Have you ever been injured, are injured or think you possibly cannot train for a race because of a nagging injury?
Let me tell you about a lethal weapon I have used, as well as many of the world's top tier runners. Pool Running.
Have you ever considered this? Think about how much stress you put on our body when you run. The majority of us train on pavement and concrete. No wonder we have so many injuries. I have used pool running several times over the years to train for races with great results. It was the best option I had when dealing with injuries.
Think about long you would have ride your bike to equal a 5 mile run, probably around an hour. Think about it. Your heart rate is lower even while riding hard on a stationary bike as compared to running. What is the next best option. Pool Running. You are placing no stress whatsoever on your ligaments and joints. You are getting a fantastic workout and there are many variations you can use to set up a great workout in the pool.
According to livestrong.com, a 2003 report in the Journal of Sports Science states that running in the pool can assist you in keeping your aerobic fitness for up to 6 weeks. I have used this method countless times with great results. So what are some of the benefits of running in the deep end of the pool?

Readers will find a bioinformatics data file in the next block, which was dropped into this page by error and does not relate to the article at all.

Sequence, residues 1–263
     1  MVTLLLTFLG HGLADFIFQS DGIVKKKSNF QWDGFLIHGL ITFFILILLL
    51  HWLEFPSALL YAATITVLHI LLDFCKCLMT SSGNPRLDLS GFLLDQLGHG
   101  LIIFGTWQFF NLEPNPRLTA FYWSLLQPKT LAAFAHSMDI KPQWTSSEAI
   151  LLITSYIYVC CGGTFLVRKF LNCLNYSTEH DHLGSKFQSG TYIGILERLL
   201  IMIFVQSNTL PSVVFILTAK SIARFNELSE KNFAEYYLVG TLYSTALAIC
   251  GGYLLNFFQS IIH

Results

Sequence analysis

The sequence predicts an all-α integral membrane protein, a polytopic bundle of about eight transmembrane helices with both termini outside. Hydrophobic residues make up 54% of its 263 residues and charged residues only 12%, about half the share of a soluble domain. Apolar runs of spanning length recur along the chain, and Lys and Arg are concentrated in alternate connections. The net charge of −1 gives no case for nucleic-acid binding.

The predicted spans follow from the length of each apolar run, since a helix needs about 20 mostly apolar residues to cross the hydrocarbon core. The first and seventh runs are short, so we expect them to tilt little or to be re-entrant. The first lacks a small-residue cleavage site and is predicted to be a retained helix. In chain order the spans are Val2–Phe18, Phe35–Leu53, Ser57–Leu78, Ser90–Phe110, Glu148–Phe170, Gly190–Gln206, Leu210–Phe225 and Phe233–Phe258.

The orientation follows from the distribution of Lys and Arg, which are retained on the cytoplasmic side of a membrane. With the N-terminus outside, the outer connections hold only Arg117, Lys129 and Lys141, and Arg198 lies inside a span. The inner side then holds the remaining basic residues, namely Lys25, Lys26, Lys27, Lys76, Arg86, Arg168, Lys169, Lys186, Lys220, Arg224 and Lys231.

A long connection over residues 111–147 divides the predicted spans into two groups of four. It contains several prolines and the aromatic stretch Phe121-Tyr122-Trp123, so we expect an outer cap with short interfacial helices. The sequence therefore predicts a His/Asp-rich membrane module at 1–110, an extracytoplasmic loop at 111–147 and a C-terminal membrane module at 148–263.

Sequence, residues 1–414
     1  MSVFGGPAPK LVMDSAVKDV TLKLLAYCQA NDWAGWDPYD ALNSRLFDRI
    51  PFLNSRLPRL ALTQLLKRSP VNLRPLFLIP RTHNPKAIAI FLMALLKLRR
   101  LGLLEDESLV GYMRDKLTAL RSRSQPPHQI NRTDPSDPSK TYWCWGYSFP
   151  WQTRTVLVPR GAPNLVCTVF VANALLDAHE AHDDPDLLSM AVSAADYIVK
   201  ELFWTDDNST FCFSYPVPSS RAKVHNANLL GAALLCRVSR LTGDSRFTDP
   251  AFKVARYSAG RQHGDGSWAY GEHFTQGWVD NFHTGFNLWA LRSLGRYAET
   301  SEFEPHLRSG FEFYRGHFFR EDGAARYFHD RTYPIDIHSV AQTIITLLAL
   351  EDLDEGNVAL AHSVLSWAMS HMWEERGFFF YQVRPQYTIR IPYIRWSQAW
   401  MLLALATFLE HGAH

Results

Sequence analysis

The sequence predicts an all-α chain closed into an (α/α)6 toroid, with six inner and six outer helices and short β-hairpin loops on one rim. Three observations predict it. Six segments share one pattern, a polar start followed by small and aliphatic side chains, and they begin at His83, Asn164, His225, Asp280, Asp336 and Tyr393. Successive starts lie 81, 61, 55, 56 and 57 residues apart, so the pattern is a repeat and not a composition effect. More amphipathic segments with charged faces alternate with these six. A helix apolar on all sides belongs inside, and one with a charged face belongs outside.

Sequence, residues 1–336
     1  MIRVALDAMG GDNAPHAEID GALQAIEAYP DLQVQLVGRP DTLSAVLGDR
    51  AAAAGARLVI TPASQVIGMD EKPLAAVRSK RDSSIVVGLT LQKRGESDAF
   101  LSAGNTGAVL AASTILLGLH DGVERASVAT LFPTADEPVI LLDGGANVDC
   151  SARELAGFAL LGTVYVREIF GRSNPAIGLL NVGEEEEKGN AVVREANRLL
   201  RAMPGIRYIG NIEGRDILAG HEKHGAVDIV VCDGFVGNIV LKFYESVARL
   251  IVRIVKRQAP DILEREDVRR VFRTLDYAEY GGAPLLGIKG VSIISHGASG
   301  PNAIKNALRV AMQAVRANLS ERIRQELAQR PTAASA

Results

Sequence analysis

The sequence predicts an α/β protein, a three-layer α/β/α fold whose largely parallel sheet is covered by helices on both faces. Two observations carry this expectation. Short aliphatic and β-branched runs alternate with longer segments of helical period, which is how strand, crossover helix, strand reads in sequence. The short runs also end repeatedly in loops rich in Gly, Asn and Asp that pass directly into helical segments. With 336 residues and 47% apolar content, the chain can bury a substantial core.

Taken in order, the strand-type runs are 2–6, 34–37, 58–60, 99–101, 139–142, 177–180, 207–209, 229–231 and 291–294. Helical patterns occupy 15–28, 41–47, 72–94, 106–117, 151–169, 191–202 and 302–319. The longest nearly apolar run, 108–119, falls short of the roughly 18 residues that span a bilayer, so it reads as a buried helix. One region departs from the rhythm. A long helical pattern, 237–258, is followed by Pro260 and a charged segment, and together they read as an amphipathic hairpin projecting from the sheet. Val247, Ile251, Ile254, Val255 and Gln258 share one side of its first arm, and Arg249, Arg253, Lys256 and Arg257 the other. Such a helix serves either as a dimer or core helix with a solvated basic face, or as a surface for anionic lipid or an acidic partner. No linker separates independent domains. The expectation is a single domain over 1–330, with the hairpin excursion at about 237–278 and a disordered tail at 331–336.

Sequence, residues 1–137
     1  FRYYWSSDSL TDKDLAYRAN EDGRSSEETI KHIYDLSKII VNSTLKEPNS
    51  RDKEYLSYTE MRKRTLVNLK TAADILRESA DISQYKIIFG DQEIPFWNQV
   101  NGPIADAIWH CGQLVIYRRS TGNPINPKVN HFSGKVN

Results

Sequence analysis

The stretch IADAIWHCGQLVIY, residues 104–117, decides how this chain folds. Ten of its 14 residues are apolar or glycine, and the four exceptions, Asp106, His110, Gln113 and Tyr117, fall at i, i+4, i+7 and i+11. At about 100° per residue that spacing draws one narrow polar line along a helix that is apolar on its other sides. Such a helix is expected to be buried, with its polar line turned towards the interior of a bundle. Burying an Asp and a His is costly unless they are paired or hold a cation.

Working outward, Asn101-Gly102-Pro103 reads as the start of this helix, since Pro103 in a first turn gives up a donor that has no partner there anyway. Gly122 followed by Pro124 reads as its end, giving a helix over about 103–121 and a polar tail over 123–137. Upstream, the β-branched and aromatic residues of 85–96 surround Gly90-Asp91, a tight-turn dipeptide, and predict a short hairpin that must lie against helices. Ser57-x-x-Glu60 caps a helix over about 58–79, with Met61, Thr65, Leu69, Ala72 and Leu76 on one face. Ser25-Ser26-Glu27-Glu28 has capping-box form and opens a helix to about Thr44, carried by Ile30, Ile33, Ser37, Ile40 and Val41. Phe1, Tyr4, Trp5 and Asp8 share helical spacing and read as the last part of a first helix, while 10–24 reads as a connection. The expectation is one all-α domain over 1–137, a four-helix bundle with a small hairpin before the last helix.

- It is much easier to get your heart rate up towards a ‘on-land' run while running in the deep end of the pool than going for a 30 minute bike ride.
- Great substitution workout for severe inclement weather conditions
- Very similar to ground running, without the impact on your joints
- The world's top runners utilize this training option
- Greater upper body workout than ground running due to range of motion being challenged from water
- Closely mimics the same movements as ground running.
- Training in the pool is very boring.
- You are stationary in one place and your body, initially, will let you know that it is not used to this new activity (totally normal)
- Harder to get up heart rate as compared to ground running
- Sharing space with other people who may be swimming in or near your lane
I have suffered from various injuries over the years.
I have had a ruptured plantaris tendon, three orthoscopic knee surgeries (torn cartilage that had to be removed), plantar fasciatis, patellar tendinitis, shin splints (fortunately, only once).
Have you had similar injuries? What do they call have in common? Well, am sure if you have had any of these injuries the thought of the word ‘impact' probably made you cringe. This is down-to-earth advice that I hope will give you an option that you may have not considered.